The Chinati Foundation’s new hires hope to highlight conservation and community outreach

Malinda Galindo and Stephen Martin. Photos by Karina Salcido / Chinati Foundation.

MARFA — The Chinati Foundation has brought on two new hires into leadership positions to help carry out the organization’s vision for its future. Malinda Galindo has joined the museum as its new associate director of development, and Stephen Martin will be the foundation’s director of preservation and planning.

Galindo comes to the foundation with an extensive background in fundraising and cultivating relationships to help foster museums’ growth. Most recently, she did institutional advancement and patron programming at El Museo del Barrio in New York, then served as interim director of development. She is the cofounder of Atomic Culture, a curatorial platform that seeks to partner with artists on site-specific projects that interact with space.

She said she comes to Chinati with a holistic view of fundraising and development — she hopes to nurture a philanthropic culture that encourages community engagement and arts-based programming.

“I really am hoping to think about the culture of Far West Texas and this greater Southwest area that’s so rich, and is such a big asset of how we can nurture and engage the public here, and reimagine the role that Chinati has within the community in order to create new revenue streams and stability going forward,” she said. “I think it’s really important to think about how this place is going to move into the contemporary.”

For Galindo, that means attending community events and engaging with people throughout Presidio County, having conversations about their relationships with the foundation and with Judd’s work, and ensuring that community members feel welcome in the space.

Galindo said she is looking forward to working with Chinati to raise funds in order to strengthen the programming already in place at the museum — and beyond. “It’s not about changing it, just looking at it a little bit, strengthening it,” she said. “I’m also just really looking forward to getting to know this area better, and finding ways that I can support and highlight the work of the people in this area, and their creativity and their culture and how that is connected to the culture and vision of Donald Judd when he started Chinati.”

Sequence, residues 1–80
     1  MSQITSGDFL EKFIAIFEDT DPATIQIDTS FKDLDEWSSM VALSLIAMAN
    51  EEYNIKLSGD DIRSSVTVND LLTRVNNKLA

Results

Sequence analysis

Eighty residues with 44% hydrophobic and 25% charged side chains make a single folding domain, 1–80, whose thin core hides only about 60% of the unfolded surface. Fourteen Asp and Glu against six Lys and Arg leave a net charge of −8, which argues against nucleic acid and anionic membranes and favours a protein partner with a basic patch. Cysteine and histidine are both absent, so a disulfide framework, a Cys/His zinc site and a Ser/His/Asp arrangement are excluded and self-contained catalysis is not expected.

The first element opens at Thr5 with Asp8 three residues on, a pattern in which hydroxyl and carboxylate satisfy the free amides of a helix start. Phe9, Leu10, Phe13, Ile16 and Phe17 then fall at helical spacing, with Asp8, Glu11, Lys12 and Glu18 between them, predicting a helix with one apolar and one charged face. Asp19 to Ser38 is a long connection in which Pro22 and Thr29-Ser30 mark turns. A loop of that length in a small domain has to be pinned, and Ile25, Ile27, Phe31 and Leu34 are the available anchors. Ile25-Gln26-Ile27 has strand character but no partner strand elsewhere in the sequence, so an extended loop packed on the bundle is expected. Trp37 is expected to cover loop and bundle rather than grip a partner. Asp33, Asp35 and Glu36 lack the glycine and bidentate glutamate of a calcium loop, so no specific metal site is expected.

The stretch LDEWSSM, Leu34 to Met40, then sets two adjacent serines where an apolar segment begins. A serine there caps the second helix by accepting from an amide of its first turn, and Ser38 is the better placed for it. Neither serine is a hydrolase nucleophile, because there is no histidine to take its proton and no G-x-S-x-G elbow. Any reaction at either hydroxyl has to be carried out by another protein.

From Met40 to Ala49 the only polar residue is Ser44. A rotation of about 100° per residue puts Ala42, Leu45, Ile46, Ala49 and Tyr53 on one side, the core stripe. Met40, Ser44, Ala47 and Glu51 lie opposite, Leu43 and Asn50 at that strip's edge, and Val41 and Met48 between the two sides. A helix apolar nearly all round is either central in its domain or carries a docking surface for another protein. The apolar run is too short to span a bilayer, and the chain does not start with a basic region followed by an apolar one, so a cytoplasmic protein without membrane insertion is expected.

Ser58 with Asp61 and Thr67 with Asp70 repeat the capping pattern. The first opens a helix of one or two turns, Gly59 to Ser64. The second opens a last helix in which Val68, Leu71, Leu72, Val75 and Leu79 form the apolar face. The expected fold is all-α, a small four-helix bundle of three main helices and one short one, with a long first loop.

Stephen Martin comes to his new role with a background in design, capital construction and land conservation. He said that he seeks to focus not just on the restoration and preservation of the buildings under his care, but on the conservation of the surrounding land. “With so much going on in terms of climate change, there needs to be a careful eye on how we take care of this landscape,” he said. “I’m looking forward to helping the board do just that.”

Martin said that he looks forward to tackling the next priority, since the completed restoration, of the John Chamberlain Building, identified in the foundation’s 2017 Master Plan: the restoration of the two artillery sheds on Chinati grounds, which house Donald Judd’s 100 untitled works in mill aluminum. He also hopes to use his expertise to bring to fruition Judd’s vision for some unfinished works on the southwest corner of the Chinati grounds — two barrel vaults in exposed concrete, of which Judd had envisioned ten. 

“So much of my experience — and expertise, really — is in shepherding unrealized works to the fore, and that would be also a thrilling project to work on,” said Martin.

Indeed, it will not be Martin’s first time bringing to fruition the unfinished work of a famed artist. He served as the director of design and planning on the construction of Four Freedoms Park on Roosevelt Island in New York — a memorial park designed by the architect Louis Kahn, who passed away before his vision could be realized. Kahn worked on a massive scale, making use not just of his materials of granite and bronze but of the surrounding landscape. “That great blur between architecture and landscape, and architecture and art, is made manifest there just like it is here at Chinati,” said Martin.

Martin also worked for The Noguchi Museum in Long Island City, Queens, established by Japanese-American sculptor Isamu Noguchi. Similar to the Chinati Foundation, the museum — its location selected for its relative removal from the downtown scene — is tasked with preserving and educating visitors on the founding artist’s legacy. 

He remains the president and founder of Friends of the Ruin, a nonprofit advocating for the restoration and reuse of New York’s landmark Smallpox Hospital.” Our goal is to see the building stabilized and become a memorial to all our country’s efforts around public health,” said Martin. 

Marella Consolini, interim director since longtime director Jenny Moore parted ways with the foundation this year, said both staff members bring with them the expertise to help actualize Chinati’s plans moving forward.

“These roles are essential to pursuing Chinati’s vision,” Consolini said in a statement. “Malinda and Stephen bring to us invaluable experience. They both are creative thinkers and outstanding communicators. The Board and I are very excited to welcome them to the team. We are confident that their impressive skill sets and knowledge will be an asset to Chinati and the Marfa community as a whole.”